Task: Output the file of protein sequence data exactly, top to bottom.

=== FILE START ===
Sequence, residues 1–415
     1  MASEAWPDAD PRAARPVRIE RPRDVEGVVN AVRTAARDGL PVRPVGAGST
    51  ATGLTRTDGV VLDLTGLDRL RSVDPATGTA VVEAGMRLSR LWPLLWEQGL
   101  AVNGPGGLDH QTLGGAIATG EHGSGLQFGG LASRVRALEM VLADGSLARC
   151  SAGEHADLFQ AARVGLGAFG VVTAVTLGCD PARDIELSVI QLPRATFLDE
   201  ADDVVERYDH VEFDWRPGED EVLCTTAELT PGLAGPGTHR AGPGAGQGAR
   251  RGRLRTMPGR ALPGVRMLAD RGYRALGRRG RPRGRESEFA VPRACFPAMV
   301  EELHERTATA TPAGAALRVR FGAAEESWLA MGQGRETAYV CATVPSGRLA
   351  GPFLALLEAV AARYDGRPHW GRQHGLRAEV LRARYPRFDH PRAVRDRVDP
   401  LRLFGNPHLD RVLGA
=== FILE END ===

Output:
Sequence, residues 1–415
     1  MASEAWPDAD PRAARPVRIE RPRDVEGVVN AVRTAARDGL PVRPVGAGST
    51  ATGLTRTDGV VLDLTGLDRL RSVDPATGTA VVEAGMRLSR LWPLLWEQGL
   101  AVNGPGGLDH QTLGGAIATG EHGSGLQFGG LASRVRALEM VLADGSLARC
   151  SAGEHADLFQ AARVGLGAFG VVTAVTLGCD PARDIELSVI QLPRATFLDE
   201  ADDVVERYDH VEFDWRPGED EVLCTTAELT PGLAGPGTHR AGPGAGQGAR
   251  RGRLRTMPGR ALPGVRMLAD RGYRALGRRG RPRGRESEFA VPRACFPAMV
   301  EELHERTATA TPAGAALRVR FGAAEESWLA MGQGRETAYV CATVPSGRLA
   351  GPFLALLEAV AARYDGRPHW GRQHGLRAEV LRARYPRFDH PRAVRDRVDP
   401  LRLFGNPHLD RVLGA